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Thanksgiving Science 2014

Tomorrow I will be eating and science will barely be on my mind.It will be on some minds. Some...

GMO Labels Are Good For The $105 Billion Organic Industry - But No One Else

Frank Priestley, President of the Idaho Farm Bureau, notes that some consumers will benefit from...

Want A Man To Help? High Heels Work

Following a woman in high heels up out of the subway is like discovering America. Following a woman...

Phthalates And Prostates: Endocrine Disruptors Shortening The Distance Between Male Anus And Penis

Men are becoming more effeminate. That is not news. If you watched the ESA's Rosetta mission arrive...

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I'm the founder of Science 2.0®.

A wise man once said Darwin had the greatest idea anyone ever had. Others may prefer Newton or Archimedes. Probably no one ever said the WWW or Science... Read More »

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Scienceblogs.com stalwart Bora Zivkovic has bid farewell to that site, the latest in a series of defections they hyper-dramatize as a 'diaspora' due to recent events, but he says it isn't about Pepsigate, just a general change in the overall climate.

He'll certainly be missed there.   He is (was) their cultural junkyard dog, taking on anyone who dared to write non-corporate-media science on the Internet and implementing their Borg mentality toward bloggers.
Making the rounds today is a utility written by Coding Robots that analyzes your prose and then matches it with famous (note: not necessarily someone you like) authors.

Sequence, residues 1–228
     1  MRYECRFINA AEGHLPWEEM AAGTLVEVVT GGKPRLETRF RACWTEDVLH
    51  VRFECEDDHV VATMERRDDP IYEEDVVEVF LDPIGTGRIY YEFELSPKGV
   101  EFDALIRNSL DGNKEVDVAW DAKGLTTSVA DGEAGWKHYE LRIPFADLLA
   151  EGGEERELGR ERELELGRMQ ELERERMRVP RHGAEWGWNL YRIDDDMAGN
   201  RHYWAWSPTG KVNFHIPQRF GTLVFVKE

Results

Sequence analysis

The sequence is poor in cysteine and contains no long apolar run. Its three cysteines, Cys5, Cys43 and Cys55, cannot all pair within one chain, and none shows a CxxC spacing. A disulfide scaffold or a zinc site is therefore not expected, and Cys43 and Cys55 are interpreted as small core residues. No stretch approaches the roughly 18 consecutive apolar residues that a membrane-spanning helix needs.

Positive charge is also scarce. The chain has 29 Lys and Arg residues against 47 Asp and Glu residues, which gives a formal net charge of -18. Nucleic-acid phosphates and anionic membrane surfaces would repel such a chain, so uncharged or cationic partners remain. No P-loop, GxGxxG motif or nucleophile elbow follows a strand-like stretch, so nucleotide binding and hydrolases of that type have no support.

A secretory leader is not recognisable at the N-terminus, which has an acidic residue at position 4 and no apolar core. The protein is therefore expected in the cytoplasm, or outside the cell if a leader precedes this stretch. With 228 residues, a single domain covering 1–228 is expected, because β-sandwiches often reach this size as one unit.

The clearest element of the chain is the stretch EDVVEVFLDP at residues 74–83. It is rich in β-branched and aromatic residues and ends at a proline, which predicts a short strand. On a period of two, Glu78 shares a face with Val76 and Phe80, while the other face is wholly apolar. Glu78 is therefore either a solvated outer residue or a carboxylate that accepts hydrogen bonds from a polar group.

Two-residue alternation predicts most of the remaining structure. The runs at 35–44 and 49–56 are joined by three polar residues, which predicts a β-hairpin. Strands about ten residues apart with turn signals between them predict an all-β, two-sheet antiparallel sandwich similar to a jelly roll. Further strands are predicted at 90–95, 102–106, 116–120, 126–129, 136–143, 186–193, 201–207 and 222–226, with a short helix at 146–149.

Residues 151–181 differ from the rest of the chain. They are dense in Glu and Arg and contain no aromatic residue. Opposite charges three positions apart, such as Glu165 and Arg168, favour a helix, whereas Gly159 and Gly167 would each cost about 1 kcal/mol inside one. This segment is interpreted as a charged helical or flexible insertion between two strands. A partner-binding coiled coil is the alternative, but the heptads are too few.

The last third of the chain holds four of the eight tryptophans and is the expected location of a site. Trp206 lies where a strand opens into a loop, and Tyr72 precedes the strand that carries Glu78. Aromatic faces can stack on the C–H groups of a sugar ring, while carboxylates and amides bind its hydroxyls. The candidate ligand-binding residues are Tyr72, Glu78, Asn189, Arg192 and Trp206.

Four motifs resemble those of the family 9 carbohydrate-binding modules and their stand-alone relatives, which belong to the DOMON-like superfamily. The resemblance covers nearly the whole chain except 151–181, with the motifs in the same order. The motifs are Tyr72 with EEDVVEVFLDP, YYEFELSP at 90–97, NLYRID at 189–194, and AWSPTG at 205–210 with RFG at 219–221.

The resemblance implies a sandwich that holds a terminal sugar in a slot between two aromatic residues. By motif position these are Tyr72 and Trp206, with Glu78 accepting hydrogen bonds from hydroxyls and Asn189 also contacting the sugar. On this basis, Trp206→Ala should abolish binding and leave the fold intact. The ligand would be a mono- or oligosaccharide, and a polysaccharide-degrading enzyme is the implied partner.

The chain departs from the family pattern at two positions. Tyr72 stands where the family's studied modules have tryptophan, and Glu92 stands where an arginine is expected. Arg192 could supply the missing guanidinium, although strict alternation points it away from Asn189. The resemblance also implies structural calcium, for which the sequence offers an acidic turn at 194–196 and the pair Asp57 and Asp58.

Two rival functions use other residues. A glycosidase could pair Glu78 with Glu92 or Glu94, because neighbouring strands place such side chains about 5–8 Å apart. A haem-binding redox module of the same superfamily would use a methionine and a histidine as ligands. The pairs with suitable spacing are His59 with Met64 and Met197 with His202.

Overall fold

Among the blogosphere outside Science 2.0 I have seen 4 Margaret Atwoods, 3 Dan Browns, 2 Stephen Kings.  Only 1 Asimov but I bet his was all about robots or something.

Who did I get?   Dan Brown, which is sure to make my wife chuckle, since I read the first hundred pages of "The DaVinci Code" and had two notebook pages filled with blatant errors or inventions he made even with my limited grasp of religious history, and then gave up.  
How does a former math teacher in Texas keep winning the lottery?  Joan Ginther has hit four Texas Lottery jackpots and raked in $21 million since 1993 ($5.5 million, half of the Texas Lottery jackpot, that first time).  The last time she won was two years ago ($3 million prize from a scratch ticket).  And then two years before that ($2 million scratch ticket again).  And now $10 million in the $140 million Extreme Payout with a scratch ticket (errr ... again).
I just noticed a study from a few months back that correlated male shopping habits to ... evolution.   Yes, the necessary survival skills that women used for foraging and men used to hunt evolved into the inability of men to match socks and the reason women can't find the escalator in the shopping mall if you give them directions.

So if you are disinclined to believe, as friend-of-Obama Larry Summers does, that women cannot do math, you militant anti-science types will really dislike knowing that women are intrinsically obligated to spend the day picking through racks of clothes with friends and talking about that "Sex in the City" movie.
In the wake of the PepsiGate scandal at Scienceblogs.com, which apparently everyone except bloggers there saw coming (1), one person comes up with the obvious 'money corrupts all' argument, but is that really so?
I thought the 'PepsiGate' issue, as former Scienceblogs folks termed it, was overblown.  As I discussed in Symbol Stacks And Science Communication, it wasn't the first time they did it and Scienceblogs had become known this year for hosting public relations blogs rather than actual science blogging so singling out Pepsi seemed unfair.